I hear people making New Year’s Resolutions every single year that flat out won’t work.
People tell themselves that they are going to exercise every day or lose all the weight they didn’t lose during their last New Year’s Resolution.
These promises are empty and the outcomes are unlikely.
The New Year’s Resolutions people make:
Let me tell you how to fix your resolutions.
Accomplishing anything of significance takes time, effort, and dedication with a long-term outcome in mind.
Losing weight doesn’t happen with a 28-day-cleanse or working out 3 days a week to start the year.
These are ‘challenges’ but the goal of challenges should be to form habits that become a part of your lifestyle. If forming lifestyle habits is not the goal, your resolutions will fall apart.
Want to lose weight? Sign up for a race (even if you are out of shape now) then join a running group to help you train for it. Ask the people in your running group what they eat to prepare for races, and slowly start to fill your fridge with the items they recommend.
This is one example of a lifestyle change resolution.
It is something that happens over time to make your desired outcome come true. It is less about challenging yourself for the month of January and evaluating yourself (which will leave you disappointed), but rather it is about looking ahead to where you want to be and making slow and steady progress.
One more example so you know this is not just another weight loss blog.
Want to get promoted at work this year? Look to prove your value in a long-term, sustainable way.
Talk with your boss about your goals and plans, and ask what you need to do to get where you’d like to be. Let the feedback be your guide towards the promotion you’re after. This way, you’re setting a collaborative roadmap, and similar to training for a race, you have an aim for success that is macro instead of micro.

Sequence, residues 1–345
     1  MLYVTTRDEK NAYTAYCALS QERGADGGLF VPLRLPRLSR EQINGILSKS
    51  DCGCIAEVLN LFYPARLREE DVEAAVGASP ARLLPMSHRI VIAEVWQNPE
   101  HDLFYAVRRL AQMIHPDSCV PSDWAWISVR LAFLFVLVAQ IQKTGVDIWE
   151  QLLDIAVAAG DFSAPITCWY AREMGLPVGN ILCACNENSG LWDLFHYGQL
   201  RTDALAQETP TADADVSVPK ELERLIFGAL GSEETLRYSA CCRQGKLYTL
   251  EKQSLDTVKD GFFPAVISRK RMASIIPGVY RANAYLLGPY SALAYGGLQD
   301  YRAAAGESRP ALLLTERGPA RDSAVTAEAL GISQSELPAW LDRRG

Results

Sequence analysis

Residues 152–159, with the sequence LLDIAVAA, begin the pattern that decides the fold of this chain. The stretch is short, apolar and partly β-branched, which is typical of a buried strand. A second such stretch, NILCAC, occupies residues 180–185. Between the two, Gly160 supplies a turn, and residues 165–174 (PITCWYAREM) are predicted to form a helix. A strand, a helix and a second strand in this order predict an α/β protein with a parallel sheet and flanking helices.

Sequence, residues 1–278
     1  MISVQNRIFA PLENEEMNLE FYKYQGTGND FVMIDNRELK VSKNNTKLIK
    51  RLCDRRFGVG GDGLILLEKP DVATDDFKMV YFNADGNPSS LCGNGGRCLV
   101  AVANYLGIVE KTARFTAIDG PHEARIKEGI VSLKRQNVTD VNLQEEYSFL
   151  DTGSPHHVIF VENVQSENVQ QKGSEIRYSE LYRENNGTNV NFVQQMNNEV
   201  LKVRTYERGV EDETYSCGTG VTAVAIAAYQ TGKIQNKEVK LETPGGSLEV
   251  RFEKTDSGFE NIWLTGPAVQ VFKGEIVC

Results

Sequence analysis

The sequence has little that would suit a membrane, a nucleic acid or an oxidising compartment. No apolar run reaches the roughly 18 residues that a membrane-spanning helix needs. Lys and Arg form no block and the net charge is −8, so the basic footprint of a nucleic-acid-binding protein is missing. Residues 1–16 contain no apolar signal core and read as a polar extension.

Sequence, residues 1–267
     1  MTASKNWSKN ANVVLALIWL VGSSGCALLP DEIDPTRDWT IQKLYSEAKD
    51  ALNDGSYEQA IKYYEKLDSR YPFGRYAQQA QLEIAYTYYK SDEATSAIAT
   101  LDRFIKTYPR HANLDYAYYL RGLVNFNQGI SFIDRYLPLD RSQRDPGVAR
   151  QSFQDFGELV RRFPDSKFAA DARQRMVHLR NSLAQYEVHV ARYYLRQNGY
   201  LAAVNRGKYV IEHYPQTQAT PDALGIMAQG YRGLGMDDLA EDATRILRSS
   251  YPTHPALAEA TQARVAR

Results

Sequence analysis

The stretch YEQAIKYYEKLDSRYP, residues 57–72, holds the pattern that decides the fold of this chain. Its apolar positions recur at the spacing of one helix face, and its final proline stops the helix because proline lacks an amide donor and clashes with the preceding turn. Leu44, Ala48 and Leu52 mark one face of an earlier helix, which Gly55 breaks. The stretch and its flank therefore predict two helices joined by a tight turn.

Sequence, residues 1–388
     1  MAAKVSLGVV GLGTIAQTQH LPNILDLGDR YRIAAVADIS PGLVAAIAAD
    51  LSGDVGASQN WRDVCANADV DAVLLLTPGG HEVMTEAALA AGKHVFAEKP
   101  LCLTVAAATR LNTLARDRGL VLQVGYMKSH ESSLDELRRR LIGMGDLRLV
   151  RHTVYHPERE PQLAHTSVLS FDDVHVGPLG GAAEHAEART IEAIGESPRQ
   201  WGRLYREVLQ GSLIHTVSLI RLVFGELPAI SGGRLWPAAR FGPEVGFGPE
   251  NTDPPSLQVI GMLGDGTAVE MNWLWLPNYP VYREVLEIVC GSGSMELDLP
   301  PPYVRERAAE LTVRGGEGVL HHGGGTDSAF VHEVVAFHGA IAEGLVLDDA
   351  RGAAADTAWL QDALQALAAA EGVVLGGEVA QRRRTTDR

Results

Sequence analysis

Long-term, actionable resolutions
Coming into a new year should be motivating, but what happens when that initial motivation goes away?
When you challenge yourself to set long-term goals, you give yourself the opportunity to mess up a few times and still get to where you want to be. It’s much better than the all-too-common, ‘I didn’t work out last week so I think my resolution is over’ feeling.
Let’s say you’d like to set a financial goal for yourself.
Some people say, ‘I want to go out to eat twice a week or less to save money.’ This is a terrible resolution. As soon as you eat out three times in a week, you lose and there is no going back.
A better resolution would be, ‘I’d like to have x amount of money in my bank account by the end of the year.’ This is a long-term goal that allows you to set actionable timelines along the way.
If you know how much you want to have at the end of the year, you can then plan what you’ll have to make/spend each month leading up to that moment.
This means that you’re allowed to go on a shopping spree every now and then; your resolution won’t be broken by one splurge. It is a long-term goal that you are taking action toward every day, week, and month.
Here is how a better resolution could look:
Have x amount of money in my bank account by the end of the year
Make a monthly budget based on my income and evaluate how I did each month
Eat at restaurants twice a week or less
Spend only x amount of money per month on items that aren’t ‘necessities.’ Examples being: new clothes/shoes or daily soda/coffee (even if this is a ‘necessity’ for you, could you do a medium instead of a large at Starbucks? Could you do a coffee instead of a latte?)
This is just one example of how determining a large, overarching goal and creating an action plan to get there is important. Decide where you want to be, then just like Google Maps, determine the best route and take it.
It is not easy to make New Year’s resolutions that will actually work. It’s hard. This is why no one does it.
But if you actually want to accomplish your goals this year, here’s how to do it in two sentences:
And if you’d like help creating great resolutions, don’t hesitate to reach out. I’d love to help you get on a path to a better you.
Photo credit: ‘http://www.wdish.com/health/5-ways-make-your-workout-more-efficient